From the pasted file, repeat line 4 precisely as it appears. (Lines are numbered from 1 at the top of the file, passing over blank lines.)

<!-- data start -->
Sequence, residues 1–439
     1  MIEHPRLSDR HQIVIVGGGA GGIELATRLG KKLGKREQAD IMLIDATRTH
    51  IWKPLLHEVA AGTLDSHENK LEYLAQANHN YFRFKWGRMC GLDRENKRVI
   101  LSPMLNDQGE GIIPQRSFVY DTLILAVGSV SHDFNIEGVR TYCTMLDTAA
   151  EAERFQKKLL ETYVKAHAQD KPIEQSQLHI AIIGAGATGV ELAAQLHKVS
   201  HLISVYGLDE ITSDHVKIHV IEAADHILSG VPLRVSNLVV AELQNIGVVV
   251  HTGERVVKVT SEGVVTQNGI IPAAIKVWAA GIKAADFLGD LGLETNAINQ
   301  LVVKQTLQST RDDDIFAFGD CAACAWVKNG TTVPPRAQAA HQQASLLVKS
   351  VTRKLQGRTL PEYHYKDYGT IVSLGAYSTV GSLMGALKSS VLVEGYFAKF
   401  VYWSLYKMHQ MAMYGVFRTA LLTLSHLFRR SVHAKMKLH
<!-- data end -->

   101  LSPMLNDQGE GIIPQRSFVY DTLILAVGSV SHDFNIEGVR TYCTMLDTAA